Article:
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DC at Night

Monday, May 5, 2014

Diego Rivera: Man at the Crossroads

Reproduction of one of 3 parts of Diego Rivera's Man at the Crossroads
By 1933, Diego Rivera was recognized as an influential Mexican artist with international prestige. John D. Rockefeller, the fabulously wealthy American businessman behind Standard Oil, was one of the world's richest men and looking to create a symbol that would establish his name for all the ages.

In some ways, it might seem inevitable that the paths of the 2 men would cross. But it was equally inevitable that any transaction between the activist artist and the rich tycoon would not end well.

The new exhibition at the Mexican Cultural Institute details the intriguing story behind Man at the Crossroads: Diego Rivera's Mural at the Rockefeller Center.

The exposition, on view until May 17, centers around the destroyed, never-unveiled mural by reconstructing its history with reproductions of letters, telegrams, contracts, documents, photographs, and both small and large sketches.

The story began when Rockefeller decided to have a "city within a city" constructed in downtown Manhattan that would become the commercial, cultural, economic, and financial center of the world. The project, started at the height of the Depression, was designed to give employment to 40,000 workers.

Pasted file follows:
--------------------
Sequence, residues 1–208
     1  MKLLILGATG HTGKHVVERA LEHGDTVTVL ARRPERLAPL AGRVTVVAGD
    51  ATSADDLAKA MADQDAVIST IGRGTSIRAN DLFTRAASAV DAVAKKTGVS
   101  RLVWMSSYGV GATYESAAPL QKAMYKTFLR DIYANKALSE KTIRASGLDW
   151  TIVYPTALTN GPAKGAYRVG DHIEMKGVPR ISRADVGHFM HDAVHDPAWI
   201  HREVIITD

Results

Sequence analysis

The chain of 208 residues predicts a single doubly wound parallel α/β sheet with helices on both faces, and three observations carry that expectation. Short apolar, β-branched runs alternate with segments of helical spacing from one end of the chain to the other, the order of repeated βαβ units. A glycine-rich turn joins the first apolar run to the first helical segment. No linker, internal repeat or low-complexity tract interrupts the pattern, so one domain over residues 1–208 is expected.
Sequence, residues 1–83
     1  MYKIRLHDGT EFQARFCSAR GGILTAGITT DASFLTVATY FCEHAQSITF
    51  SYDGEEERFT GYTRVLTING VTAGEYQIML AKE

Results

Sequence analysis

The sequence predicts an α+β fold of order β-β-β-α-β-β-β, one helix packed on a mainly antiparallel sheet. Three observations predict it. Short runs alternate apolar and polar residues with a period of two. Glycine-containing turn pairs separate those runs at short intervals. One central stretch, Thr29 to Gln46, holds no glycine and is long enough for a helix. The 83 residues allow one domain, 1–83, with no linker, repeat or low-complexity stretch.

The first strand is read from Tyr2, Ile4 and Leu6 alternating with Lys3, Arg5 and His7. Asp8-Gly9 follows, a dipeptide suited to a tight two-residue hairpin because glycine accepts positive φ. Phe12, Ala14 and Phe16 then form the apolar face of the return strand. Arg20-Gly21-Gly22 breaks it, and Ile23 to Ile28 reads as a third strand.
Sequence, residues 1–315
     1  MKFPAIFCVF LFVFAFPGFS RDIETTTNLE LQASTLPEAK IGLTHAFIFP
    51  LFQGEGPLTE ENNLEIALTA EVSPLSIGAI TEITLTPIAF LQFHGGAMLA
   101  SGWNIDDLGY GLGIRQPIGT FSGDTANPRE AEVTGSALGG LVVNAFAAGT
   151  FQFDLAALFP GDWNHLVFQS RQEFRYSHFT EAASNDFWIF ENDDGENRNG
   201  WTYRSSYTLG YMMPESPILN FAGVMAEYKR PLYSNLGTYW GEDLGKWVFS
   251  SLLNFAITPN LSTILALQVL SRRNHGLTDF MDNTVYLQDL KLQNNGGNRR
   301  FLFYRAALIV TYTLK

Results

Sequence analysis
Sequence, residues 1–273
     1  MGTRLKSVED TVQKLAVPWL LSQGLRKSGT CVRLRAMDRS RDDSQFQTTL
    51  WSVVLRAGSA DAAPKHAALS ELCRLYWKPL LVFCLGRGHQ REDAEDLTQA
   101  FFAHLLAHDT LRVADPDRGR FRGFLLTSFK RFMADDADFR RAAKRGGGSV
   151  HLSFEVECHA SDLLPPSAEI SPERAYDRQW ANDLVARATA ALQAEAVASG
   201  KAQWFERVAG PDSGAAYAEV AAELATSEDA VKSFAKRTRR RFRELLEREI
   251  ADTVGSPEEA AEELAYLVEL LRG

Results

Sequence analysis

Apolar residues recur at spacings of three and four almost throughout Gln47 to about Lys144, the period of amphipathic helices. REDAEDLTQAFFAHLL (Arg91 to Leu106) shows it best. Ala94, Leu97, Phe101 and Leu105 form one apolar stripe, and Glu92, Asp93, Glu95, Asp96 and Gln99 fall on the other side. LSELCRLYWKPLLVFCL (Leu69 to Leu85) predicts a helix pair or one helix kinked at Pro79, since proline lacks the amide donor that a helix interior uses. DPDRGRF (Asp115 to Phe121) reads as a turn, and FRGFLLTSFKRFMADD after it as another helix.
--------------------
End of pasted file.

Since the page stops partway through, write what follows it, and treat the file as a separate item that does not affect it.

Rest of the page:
Part of the fresco
Rivera lobbied for a contract to supply art, and, surprisingly to many given his leftist leanings, was given permission to create a mural for the 70-story project which would be titled Man at the Crossroads.

The first battle occurred when Rivera decided he wanted to create a fresco instead of a mural painted on canvas, arguing that "nothing can take the place of fresco in mural painting because fresco is not a painted wall, but rather a painting that is a wall."

Representatives for Rockefeller conceded to Rivera's demands and the artist began 6 weeks of intensive work on the project.

However, project officials soon discovered that Rivera was depicting Communist leader V. I. Lenin in his work, an image that they believed was totally unacceptable to welcome Rockefeller whenever he arrived at his office.

Rivera was ordered to remove Lenin's image. However, the artist refused, saying "rather than mutilate the conception, I should prefer the physical destruction of the conception in its entirety, but conserving at least the integrity."

The decision not to include Rivera's work sparked a series of protests, rallies, and marches. It also provoked a cultural debate around the world about freedom of expression and the roles of both the artist and patron.
Protest ensued and Rivera himself spoke at several rallies.
On February 9, 1939, nine months after Rockefeller architects had covered up the work, Man at the Crossroads was destroyed. All that remains today are the preparatory drawings, sketches, and a few pictures taken of the work in progress, many of which appear in the current exhibition. This is the first visual attempt in the United States to fully explore the mural's unique history.

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